Politics are a scary topic in pageantry, mostly because we don’t know exactly how we should be responding to these questions.
Scan the room and tell them what you think they believe?
Bluntly give your honest opinion and risk offending others and creating a great divide?
Gracefully evade the question all together and attempt to change the topic?
The two most recent and memorable political questions came from the Miss USA pageant in the final question phase of competition.
Carrie Prejean in 2009 gave her blunt opinion about same-sex marriage in her Top 5 Question and ended up as first runner-up.
Chelsea Hardin in 2016 gracefully danced around the question of who she’d vote for in the upcoming election. She, too, was first runner-up.
I wish I could tell you there were a sure-fire way to answer ANY question and win. There’s not. It’s all a delicate dance.
What I can tell you is that no matter what, you have to deliver your answer with certainty in what you’re saying.
Your pageant interview is not a quiz. They aren’t so much judging what you say as how you say it.
I tell all my clients, “You don’t have to answer, you just have to respond.”
Isn’t that freeing?!
Suddenly, you realize, you aren’t a presidential candidate, governor, or lobbying activist. You’re a student, a teacher, a nurse, a pageant woman – you don’t have the answers, so don’t try to be ‘right.’ Just be ‘lovely.’
First, it begins with knowing yourself deeply and in the context of the greater community.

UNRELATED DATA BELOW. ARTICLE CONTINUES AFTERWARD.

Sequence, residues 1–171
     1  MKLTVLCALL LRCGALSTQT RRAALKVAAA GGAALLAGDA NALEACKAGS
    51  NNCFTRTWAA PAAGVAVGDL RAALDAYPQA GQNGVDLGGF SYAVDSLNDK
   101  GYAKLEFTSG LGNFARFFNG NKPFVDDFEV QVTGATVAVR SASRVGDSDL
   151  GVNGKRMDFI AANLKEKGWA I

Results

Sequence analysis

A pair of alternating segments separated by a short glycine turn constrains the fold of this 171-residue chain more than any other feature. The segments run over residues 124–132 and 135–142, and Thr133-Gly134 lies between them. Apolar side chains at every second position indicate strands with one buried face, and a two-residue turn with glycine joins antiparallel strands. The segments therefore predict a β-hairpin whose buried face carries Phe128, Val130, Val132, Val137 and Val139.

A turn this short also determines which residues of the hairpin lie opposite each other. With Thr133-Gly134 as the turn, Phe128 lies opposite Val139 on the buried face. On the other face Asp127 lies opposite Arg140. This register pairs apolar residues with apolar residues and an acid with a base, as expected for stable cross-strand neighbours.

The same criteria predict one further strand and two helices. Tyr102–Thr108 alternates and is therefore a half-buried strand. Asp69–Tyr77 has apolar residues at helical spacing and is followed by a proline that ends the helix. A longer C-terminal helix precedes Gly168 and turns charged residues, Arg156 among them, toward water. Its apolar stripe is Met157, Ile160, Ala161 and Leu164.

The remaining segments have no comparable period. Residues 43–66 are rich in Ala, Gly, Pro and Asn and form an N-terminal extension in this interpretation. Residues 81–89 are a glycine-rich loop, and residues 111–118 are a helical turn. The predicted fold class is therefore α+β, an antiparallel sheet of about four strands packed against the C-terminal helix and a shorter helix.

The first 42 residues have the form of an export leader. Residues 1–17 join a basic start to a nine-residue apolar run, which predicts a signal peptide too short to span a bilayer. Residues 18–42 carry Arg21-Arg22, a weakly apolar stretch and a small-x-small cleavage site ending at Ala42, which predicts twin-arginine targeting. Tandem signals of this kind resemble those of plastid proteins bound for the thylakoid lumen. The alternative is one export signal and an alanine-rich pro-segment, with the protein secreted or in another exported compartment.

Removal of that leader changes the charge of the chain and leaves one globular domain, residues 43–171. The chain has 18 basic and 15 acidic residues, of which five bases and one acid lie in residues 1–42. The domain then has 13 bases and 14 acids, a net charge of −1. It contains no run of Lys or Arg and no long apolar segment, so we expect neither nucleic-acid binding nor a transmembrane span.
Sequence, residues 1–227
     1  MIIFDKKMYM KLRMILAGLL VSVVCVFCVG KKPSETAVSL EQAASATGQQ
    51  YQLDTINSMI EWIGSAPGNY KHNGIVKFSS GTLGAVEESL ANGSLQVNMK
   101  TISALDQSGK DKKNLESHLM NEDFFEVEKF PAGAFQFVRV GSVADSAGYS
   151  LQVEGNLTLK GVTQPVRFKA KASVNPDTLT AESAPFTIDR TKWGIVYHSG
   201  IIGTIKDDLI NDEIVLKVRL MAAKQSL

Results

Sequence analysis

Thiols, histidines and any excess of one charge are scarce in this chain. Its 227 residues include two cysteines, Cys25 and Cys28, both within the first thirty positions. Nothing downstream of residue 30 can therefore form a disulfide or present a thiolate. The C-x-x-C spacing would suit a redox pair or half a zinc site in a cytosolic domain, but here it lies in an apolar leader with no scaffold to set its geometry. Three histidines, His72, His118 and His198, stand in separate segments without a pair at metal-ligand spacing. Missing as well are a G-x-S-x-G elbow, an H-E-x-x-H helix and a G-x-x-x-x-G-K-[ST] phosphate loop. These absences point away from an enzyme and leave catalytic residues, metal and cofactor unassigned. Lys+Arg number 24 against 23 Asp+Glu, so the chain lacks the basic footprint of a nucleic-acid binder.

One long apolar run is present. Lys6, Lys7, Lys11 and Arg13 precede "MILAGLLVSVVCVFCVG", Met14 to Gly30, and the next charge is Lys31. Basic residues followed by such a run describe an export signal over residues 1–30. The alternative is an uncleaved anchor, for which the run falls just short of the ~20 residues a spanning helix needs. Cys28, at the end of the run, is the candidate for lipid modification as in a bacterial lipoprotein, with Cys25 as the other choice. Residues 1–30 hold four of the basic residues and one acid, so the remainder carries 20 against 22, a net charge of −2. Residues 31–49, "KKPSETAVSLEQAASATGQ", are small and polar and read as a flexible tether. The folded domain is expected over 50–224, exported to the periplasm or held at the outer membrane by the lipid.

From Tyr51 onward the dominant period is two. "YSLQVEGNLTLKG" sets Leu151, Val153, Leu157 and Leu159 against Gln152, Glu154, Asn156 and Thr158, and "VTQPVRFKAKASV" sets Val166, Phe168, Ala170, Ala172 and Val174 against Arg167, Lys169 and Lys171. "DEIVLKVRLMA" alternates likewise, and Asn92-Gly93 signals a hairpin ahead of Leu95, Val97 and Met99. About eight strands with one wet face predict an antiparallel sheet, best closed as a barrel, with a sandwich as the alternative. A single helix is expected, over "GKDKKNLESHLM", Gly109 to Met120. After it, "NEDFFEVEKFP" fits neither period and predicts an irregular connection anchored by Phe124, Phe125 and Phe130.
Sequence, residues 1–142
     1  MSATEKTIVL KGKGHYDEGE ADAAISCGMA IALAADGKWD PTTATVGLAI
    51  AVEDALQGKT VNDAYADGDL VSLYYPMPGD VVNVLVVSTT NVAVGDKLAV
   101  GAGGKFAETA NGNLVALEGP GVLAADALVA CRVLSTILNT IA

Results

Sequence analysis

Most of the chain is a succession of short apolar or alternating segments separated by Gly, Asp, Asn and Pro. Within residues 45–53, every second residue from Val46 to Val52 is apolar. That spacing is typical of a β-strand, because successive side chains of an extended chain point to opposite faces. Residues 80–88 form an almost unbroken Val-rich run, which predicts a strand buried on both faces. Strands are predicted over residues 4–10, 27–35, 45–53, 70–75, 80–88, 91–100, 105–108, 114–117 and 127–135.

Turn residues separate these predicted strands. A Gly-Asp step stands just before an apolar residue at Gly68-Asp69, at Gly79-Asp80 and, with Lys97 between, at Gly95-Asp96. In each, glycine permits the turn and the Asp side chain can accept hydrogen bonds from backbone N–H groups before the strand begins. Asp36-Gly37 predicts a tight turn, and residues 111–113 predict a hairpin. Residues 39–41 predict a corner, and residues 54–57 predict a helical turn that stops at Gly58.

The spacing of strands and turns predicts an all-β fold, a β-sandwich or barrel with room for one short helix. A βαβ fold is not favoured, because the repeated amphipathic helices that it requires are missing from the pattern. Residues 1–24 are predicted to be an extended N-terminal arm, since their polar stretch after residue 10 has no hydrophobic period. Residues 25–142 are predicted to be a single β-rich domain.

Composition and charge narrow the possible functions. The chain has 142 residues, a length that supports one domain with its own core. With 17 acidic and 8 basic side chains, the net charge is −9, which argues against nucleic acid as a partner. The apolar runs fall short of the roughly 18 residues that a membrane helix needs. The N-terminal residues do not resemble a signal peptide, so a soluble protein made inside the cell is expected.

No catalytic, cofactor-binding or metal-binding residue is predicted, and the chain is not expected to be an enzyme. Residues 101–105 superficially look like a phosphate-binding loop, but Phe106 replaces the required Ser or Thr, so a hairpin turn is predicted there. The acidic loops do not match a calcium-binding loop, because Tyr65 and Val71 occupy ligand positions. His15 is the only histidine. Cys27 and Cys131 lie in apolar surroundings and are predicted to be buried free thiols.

Then, recognize you are a spokesperson for a larger cause. Your voice carries weight because of your association.
Finally, know the hill you’re prepared to die on. Meaning, what are you willing to stand for even if it means you’ll lose the title. These values are the ones that make you a powerful woman.
Remember, life goes on after the pageant. You’ll give up the title in a year, start a new career and the words you spoke back then, when you had the platform to stand for something will still echo.
Start with knowing yourself deeply so you know where you stand.
Then, answer with confidence. Don’t shrivel up in the corner. Come with your full understanding of yourself, your community, and your values.
You may get an “unlucky question” – that’s what the owner of the pageant said about Carrie Prejean’s final question in 2009 – but 7 years after the pageant, whether you win or lose, you’ll be able to sleep at night that you answered with confidence and ease.
That, my dear, is how you win in life.